And, of course, the regional Federal Reserve banks are not private banks like Citigroup or Goldman Sachs. They are GSEs: whatever profits they earn do not go to private shareholders but are paid straight to the Treasury.
I--naively--thought that then we could have a discussion about where Graeber was in and where he was out of his comfort zone, and what pieces of the book were rock-solid, what were somewhat shakier, what were frankly speculative, and what were wrong. Nope…. I guess I should not be surprised to be treated the same way [as Gabriel Rossman] upon pointing out that not the one that Graeber claims but all twelve members of the Federal Reserve's principal governing body are appointed by the President (and the Senate) or must be approved by the President's appointees, and that the regional Federal Reserve banks are in no wise as Graeber claims "private banks" like Citi and Goldman Sachs but instead arms of the United States government:
David Graeber: "DeLong and the economists on Debt, Chapter 12 | Savage Minds: for all his blustering about how Chapter 12 was full of factual errors, he had never managed to identify more than one – a minor point about the number of reserve board governors who are Presidential appointees (the main point, about the Fed not being part of the government and not operating under Presidential oversight DeLong does not contest.) After continual challenges, what does DeLong finally do? Triumphantly unveils: the very same one technical quibble I had mentioned in my own post before, mocking him for not having any other ones. Man, this is like playing poker with just no cards at all."
Notice what is going on? From saying that the book is bullet-proof save for Apple, now Graeber is claiming that I have "never managed to identify more than one" additional factual error, that it is "a minor point about the number of reserve board governors who are Presidential appointees", and that "the main point... DeLong does not contest". But I do contest what Graeber calls his main point…. I contest it strongly. That was my point. The Federal Reserve is part of the government. The Federal Reserve operates under substantial public oversight. All 12 of its highest decision makers are either Officers of the United States–appointed by the president and confirmed by the senate–or are approved by Officers before they take up their appointments. Plus the rest of the government could dissolve the Fed tomorrow were they unhappy with it and transfer all its powers to the Treasury, or elsewhere. The Federal Reserve operates under enormous amounts of public oversight.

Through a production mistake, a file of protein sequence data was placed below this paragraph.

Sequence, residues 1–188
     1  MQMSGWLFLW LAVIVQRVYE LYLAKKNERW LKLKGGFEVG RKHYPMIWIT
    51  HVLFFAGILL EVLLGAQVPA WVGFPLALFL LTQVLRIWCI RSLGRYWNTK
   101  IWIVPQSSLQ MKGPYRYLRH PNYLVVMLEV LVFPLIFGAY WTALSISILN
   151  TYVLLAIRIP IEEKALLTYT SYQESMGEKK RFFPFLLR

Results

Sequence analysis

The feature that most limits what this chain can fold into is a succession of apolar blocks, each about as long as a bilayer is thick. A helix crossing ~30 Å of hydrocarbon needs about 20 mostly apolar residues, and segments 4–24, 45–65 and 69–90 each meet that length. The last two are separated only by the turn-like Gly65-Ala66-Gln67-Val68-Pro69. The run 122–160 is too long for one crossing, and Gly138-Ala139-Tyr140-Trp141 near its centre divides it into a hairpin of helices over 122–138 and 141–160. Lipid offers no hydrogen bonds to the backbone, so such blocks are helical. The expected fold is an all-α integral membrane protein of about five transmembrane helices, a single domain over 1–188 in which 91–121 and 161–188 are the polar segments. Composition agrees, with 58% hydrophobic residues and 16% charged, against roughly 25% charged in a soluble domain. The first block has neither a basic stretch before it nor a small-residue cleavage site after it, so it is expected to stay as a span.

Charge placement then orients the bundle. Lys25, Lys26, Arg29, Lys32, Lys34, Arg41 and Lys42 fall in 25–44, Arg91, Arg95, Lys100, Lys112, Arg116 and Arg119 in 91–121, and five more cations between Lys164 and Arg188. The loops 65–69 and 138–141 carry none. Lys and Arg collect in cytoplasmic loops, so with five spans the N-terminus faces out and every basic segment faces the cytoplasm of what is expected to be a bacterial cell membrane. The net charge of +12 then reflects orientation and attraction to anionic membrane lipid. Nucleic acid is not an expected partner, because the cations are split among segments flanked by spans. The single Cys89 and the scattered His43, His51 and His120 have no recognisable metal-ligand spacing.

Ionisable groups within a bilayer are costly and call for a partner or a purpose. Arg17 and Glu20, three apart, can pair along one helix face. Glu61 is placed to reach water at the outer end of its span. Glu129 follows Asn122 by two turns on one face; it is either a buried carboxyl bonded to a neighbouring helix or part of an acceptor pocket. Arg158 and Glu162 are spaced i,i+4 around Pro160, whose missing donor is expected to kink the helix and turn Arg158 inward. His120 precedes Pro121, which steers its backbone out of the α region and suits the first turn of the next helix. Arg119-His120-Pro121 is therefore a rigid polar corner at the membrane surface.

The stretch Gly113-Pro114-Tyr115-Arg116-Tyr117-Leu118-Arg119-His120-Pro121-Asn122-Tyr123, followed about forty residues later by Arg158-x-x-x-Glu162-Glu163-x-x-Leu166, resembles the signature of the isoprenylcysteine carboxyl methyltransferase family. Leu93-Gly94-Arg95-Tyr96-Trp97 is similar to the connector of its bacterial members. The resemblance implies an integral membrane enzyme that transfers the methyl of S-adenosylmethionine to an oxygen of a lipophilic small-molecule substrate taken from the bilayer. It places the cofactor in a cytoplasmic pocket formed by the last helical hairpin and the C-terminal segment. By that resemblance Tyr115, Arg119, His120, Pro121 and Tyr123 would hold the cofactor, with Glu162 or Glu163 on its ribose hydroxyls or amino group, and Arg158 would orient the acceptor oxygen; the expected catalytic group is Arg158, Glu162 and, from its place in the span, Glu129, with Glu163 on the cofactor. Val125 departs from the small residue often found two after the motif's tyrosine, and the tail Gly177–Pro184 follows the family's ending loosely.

Ah, but David Graeber says I do not contest his claim that the Federal Reserve is “not operating under Presidential oversight.” But that wasn’t what Graeber had claimed: “The Federal Reserve… is… a consortium of privately owned banks whose chairman is appointed by the United States president, with Congressional approval, but which otherwise operates without public oversight”. A claim of “without public oversight” then. A claim that “DeLong does not contest” the “main point… the Fed… not operating under Presidential oversight” now.
Slippery little bastard, isn’t he?
And, of course, there are lots more errors in chapter 12 than just those. And I am going to tweet them until I get bored.
- February 10, 2013: Brad DeLong : No, China Is Not Paying Tribute to the U.S.: Henry Farrell vs. David Graeber, Part CXXVII: Needless to say, I score this for Farrell 6-0, 6-0, 6-0. The incoherence of the argument of Graeber's Debt is perhaps best highlighted by noting that he says that (a) fear of US airstrikes is forcing China to lend the US money at exploitatively-low interest rates, and yet (b) the way to cure the problems of debt is to forgive it--and thus lower the real interest rate on the debt the US has borrowed from China from 0% to -100%. If China is being exploited, lowering the interest rate it receives from 0% to -100% does not solve the problem.
An aside: from my perspective, when I look at David Graeber's Debt I see: (i) a chapter XII that is a disaster; and (ii) a whole bunch of stuff in the first half of the book that seems to me very interesting.
I wonder if I should tell my students that the book is (a) untrustworthy and best avoided--that since chapter XII is such a disaster the rest of it is unreliable--or (b) tell my students that the first half of the book is worth reading, and they should ignore the fact that the book goes more-or-less completely off the rails at the end.
I am coming to the conclusion that I cannot say that--that I have more and more reason to believe that the pre-chapter XII parts of the book are a dog's breakfast as well.
Now comes Ryan from Savage Minds to say how dare you worry about what is wrong with chapter XII--that Delong's "cheap shots and superficial argumentation… grade-school level debate… ends up going nowhere quite rapidly… a form of 'debate' that plagues the internetz"
I gotta conclude that Ryan is arguing for (a): that the level of argument and evidence Graeber exhibits in chapter XII (which I know very well indeed) is indeed typical of the level of argument and evidence of the first half of the book (which I do not know well). Not that I am certain that (a) is correct, mind you, but that Ryan thinks the parts of the book are all on a level…